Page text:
The show is as charming as ever but it’s beginning to show signs of age. Now that CasKet are officially a couple, I think it might be time to focus on one good season and send our heroes off with a thank you and goodnight.

Grade: B

Class: Keep and Eye On

Marvel’s Agents of SHIELD

Things with “Marvel” on the poster tend to be liquid gold, so it’s natural that the superhero machine’s foray into television is the buzziest new entry of the fall season. Starring a resurrected Agent Coulson (Clark Gregg) and a rag-tag team of special agent misfits, this show is about the decidedly human arm of the organization that helps The Avengers save the world.

So far that buzz appears to be satisfactorily met, with the first-hour laying the groundwork for what could be a winning formula. Joss Whedon’s signature blend of action and wit is ever-present (as is his pension for recycling actors, like Firefly’s Ron Glass), the set pieces are grand, the gadgetry is eye-popping and the sexual tension between our requisite will-they-won’t-they-couple is present, even if Brett Dalton has a face like a block of wood.

The first half of the pilot is considerably better than the last, which rushes to wrap-up the freak of the week plot introduced in the opening seconds. And if you haven’t seen the preceding Marvel films, particularly The Avengers and Iron Man 3, you may be lost by one or two things in the pilot, but I don’t see that as being a serious problem or one that will persist beyond the first episode.

Grade: B+

Class: Subscribe

The Goldbergs

Take HIMYM, Freaks and Geeks and The Wonder Years, put it in a blender on high and then pour it out on top of a screaming Jeff Garlin and you have The Goldberbs, a comedy about a quirky family navigating the 1980s and told from the perspective of the youngest son, who’s adult-alter ego Patton Oswalt narrates via voice over.

Perhaps it was the low expectations bred by the promos but I was shocked by how much I enjoyed the pilot. It’s more of a riff on the 80s than a family comedy, which IMO is a good call because the 80s were ridiculous and family comedies typically aren’t that funny (I know there’s people out there who enjoy Raising Hope and The Middle, I just don’t know why). At some point the writers may run out of roller rink and slinky jokes to tell, at which point The Goldbergs will have to deal with awkward teen pregnancy and drug abuse plotlines. I hope I’m wrong, but at least the pilot made me laugh.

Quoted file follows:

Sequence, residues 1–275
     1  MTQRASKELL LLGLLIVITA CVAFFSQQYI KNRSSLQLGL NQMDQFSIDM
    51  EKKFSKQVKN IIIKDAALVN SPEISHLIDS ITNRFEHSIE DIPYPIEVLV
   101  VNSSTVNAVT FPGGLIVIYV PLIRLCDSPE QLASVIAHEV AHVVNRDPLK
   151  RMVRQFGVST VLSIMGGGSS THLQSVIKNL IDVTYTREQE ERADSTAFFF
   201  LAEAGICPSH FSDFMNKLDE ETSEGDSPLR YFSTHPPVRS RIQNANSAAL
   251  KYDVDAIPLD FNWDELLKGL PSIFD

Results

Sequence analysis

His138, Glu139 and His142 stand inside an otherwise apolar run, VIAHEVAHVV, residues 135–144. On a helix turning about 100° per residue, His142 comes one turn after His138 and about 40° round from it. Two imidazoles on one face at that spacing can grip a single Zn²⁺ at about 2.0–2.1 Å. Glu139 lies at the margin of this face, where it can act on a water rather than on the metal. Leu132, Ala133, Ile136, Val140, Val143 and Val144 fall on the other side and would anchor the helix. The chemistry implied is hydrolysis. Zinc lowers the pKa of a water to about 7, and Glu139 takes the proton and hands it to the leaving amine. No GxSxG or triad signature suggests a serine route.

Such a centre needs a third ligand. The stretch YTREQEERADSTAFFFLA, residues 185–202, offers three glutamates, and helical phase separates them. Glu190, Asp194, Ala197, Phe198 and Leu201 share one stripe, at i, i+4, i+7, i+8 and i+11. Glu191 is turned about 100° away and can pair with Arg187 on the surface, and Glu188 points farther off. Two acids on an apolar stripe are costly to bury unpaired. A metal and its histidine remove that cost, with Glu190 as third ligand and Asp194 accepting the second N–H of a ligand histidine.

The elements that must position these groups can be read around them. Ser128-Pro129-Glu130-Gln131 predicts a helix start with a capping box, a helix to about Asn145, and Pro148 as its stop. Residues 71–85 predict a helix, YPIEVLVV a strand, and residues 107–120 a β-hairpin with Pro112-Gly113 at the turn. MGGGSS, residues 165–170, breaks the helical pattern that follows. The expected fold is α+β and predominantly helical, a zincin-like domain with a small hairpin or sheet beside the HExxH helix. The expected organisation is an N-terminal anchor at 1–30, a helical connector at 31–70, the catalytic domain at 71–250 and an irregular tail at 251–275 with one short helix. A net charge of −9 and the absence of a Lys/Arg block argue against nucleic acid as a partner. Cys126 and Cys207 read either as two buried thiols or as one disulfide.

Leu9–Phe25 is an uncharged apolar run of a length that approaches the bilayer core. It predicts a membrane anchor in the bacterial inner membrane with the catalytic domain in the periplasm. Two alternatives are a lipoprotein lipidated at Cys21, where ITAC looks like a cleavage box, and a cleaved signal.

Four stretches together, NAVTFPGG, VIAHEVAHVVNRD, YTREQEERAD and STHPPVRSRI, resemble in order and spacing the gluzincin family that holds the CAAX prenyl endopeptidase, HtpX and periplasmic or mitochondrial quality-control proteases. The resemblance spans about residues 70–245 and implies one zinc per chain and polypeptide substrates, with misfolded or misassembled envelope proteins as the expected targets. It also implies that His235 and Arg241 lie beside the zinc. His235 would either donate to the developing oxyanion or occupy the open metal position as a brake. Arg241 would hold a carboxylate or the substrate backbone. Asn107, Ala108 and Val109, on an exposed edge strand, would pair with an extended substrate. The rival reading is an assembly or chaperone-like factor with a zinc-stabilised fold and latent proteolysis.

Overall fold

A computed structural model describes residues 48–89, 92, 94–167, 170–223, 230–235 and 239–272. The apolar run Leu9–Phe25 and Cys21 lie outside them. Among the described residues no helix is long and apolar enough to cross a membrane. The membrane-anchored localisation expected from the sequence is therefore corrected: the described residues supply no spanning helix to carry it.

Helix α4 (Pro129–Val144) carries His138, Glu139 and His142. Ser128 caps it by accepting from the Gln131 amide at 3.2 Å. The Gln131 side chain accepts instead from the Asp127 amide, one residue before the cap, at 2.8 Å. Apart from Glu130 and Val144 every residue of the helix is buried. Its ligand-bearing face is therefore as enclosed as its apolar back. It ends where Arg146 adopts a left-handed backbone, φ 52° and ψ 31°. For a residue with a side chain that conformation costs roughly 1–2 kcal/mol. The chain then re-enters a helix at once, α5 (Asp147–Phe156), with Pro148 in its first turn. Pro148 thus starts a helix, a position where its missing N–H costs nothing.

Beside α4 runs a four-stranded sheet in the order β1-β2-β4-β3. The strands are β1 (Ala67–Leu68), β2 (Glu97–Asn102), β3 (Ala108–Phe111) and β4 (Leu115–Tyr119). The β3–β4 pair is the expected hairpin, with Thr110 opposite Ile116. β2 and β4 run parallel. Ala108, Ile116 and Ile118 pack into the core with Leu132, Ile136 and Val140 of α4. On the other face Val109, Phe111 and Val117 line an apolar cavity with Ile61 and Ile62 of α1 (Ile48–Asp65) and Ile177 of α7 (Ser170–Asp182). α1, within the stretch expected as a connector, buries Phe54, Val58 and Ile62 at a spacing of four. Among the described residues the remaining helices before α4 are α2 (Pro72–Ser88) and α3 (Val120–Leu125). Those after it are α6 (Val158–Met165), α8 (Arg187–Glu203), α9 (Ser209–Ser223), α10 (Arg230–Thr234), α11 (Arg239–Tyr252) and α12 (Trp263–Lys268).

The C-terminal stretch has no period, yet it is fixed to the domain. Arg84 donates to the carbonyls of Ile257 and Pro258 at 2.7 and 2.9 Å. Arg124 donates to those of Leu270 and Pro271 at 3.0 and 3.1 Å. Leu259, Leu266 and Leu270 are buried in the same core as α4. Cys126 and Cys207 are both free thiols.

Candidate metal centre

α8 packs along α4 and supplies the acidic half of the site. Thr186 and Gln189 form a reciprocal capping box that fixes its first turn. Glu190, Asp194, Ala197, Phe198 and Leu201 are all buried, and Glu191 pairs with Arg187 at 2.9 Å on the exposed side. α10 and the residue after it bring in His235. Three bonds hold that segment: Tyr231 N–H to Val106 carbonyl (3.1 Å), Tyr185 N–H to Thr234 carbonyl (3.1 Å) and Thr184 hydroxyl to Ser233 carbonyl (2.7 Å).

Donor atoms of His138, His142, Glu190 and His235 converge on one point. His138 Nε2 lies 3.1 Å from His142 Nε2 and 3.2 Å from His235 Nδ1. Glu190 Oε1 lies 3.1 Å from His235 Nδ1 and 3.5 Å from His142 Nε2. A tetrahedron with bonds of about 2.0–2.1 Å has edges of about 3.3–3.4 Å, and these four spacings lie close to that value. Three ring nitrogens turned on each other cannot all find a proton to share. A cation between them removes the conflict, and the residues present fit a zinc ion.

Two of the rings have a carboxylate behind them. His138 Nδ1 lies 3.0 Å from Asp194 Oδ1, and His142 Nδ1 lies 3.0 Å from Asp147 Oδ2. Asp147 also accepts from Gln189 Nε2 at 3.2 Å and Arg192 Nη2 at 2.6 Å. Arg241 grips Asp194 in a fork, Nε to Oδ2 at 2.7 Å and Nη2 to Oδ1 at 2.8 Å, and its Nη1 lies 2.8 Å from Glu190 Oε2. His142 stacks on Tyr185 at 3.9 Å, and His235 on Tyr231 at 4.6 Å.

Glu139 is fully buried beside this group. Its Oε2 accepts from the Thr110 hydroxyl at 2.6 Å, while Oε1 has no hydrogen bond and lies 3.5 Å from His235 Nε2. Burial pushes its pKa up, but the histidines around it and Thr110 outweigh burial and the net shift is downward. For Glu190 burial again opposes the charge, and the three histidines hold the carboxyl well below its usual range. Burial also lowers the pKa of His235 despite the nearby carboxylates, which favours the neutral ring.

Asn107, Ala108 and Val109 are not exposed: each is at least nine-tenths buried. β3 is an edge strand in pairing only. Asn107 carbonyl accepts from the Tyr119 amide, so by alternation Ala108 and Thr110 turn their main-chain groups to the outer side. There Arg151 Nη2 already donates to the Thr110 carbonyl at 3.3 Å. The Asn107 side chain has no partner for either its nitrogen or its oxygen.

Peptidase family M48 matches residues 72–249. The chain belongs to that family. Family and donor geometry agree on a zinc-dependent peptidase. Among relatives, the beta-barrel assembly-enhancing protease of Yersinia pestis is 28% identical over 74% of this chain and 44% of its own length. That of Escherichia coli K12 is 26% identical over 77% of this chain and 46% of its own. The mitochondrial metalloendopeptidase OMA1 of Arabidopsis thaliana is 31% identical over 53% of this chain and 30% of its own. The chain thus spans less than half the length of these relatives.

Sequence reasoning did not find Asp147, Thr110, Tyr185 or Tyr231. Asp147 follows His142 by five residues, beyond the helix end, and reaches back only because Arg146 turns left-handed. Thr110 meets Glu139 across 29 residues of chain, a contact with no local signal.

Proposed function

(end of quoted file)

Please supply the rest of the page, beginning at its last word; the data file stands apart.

Grade: B+

Class: Keep and Eye On

Trophy Wife

Malin Akermin is Kate, the cute blonde who – for reasons I can’t explain – meets and marries an older man (Bradley Whitford) who is twice-divorced and a father of three. It’s not that the show is particularly bad, or woefully un-funny, but Trophy Wife carries a sense of utter pointlessness. I can’t imagine what audience is asking for a show like this, or what niche ABC thinks they’re serving that isn’t already watching the much-better Modern Family.

Speaking of Modern Family, watching Trophy Wife made me realize exactly what makes MF work. Yes, the Pritchett-Delgado clan is one of the best ensembles ever put together, but that includes the child actors. If Luke, Manny and Lilly weren’t able to deliver a line, their characters would be the cloying dead weight that drags the whole ship down.

That, in essence, is Trophy Wife’s problem. The four adult actors are likeable enough, but every time one of the children spoke I found myself eyeing the magazine on my coffee table. I would suggest a remedy, but I don’t think Disney-owned ABC would be interested in my modest proposal.

Grade: C+

Class: Kill and Bury

Lukcy 7

Lucky 7 is about a group of convenience store employees who win the lottery. I would write a synopsis of each character’s plot, but this show simply isn’t worth the time that would take. Looking beyond the shoddy acting and plot pacing, there is absolutely nothing compelling about anyone on screen. By the end of the episode, I honestly didn’t care if the characters lived or died. As far as I’m concerned, a Sharknado struck the city the second the closing credits rolled, wiping out everyone and everything.

Grade: D-

Class: Kill and Bury

Modern Family 

In probably the least surprising “twist” of the new fall premieres, Mitch and Cam respond to the recent SCOTUS decision on Prop 8 by…getting engaged (duh!). Here’s hoping co-creator Steve Levitan makes good and his offer to let Anne Romney officiate the ceremony. It’s not like Mitt has a political future she could damage, plus it would be ratings gold.  All in all, a solid but hardly earth-shattering episode for the recent Emmy winner.

Grade: B+

Class: Subscribe

Back in the Game

The uber-charming Maggie Lawson is all-but-unknown to anyone who doesn’t watch Psych on USA, which is a shame since I doubt that this half-hour little league baseball comedy is the vehicle that will launch her into the mainstream. The pilot, which sees Lawson’s down on her luck single mother move back in with her surly father (James Caan) and take over coaching duties of her son’s band-of-misfit team, suffers no grave sins but instead is largely innocuous, faint praise in the “Golden Age of Television.”